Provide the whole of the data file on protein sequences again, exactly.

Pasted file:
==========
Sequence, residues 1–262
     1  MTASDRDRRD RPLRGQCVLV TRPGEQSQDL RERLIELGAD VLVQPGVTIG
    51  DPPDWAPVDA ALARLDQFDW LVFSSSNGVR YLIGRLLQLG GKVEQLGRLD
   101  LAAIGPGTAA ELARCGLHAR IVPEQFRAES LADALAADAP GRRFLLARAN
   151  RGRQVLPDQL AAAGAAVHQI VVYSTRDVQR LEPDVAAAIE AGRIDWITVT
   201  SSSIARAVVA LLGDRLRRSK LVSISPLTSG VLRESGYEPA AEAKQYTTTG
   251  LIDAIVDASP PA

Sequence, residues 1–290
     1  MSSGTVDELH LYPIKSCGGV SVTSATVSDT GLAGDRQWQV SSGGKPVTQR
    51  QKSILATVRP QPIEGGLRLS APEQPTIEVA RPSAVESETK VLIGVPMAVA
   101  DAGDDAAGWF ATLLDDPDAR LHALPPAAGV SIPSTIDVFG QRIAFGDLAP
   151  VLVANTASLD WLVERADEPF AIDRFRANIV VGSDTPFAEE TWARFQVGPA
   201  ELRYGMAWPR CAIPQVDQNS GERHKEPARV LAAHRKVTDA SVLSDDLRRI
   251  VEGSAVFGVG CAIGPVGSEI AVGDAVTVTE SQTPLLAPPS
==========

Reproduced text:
Sequence, residues 1–262
     1  MTASDRDRRD RPLRGQCVLV TRPGEQSQDL RERLIELGAD VLVQPGVTIG
    51  DPPDWAPVDA ALARLDQFDW LVFSSSNGVR YLIGRLLQLG GKVEQLGRLD
   101  LAAIGPGTAA ELARCGLHAR IVPEQFRAES LADALAADAP GRRFLLARAN
   151  RGRQVLPDQL AAAGAAVHQI VVYSTRDVQR LEPDVAAAIE AGRIDWITVT
   201  SSSIARAVVA LLGDRLRRSK LVSISPLTSG VLRESGYEPA AEAKQYTTTG
   251  LIDAIVDASP PA

Sequence, residues 1–290
     1  MSSGTVDELH LYPIKSCGGV SVTSATVSDT GLAGDRQWQV SSGGKPVTQR
    51  QKSILATVRP QPIEGGLRLS APEQPTIEVA RPSAVESETK VLIGVPMAVA
   101  DAGDDAAGWF ATLLDDPDAR LHALPPAAGV SIPSTIDVFG QRIAFGDLAP
   151  VLVANTASLD WLVERADEPF AIDRFRANIV VGSDTPFAEE TWARFQVGPA
   201  ELRYGMAWPR CAIPQVDQNS GERHKEPARV LAAHRKVTDA SVLSDDLRRI
   251  VEGSAVFGVG CAIGPVGSEI AVGDAVTVTE SQTPLLAPPS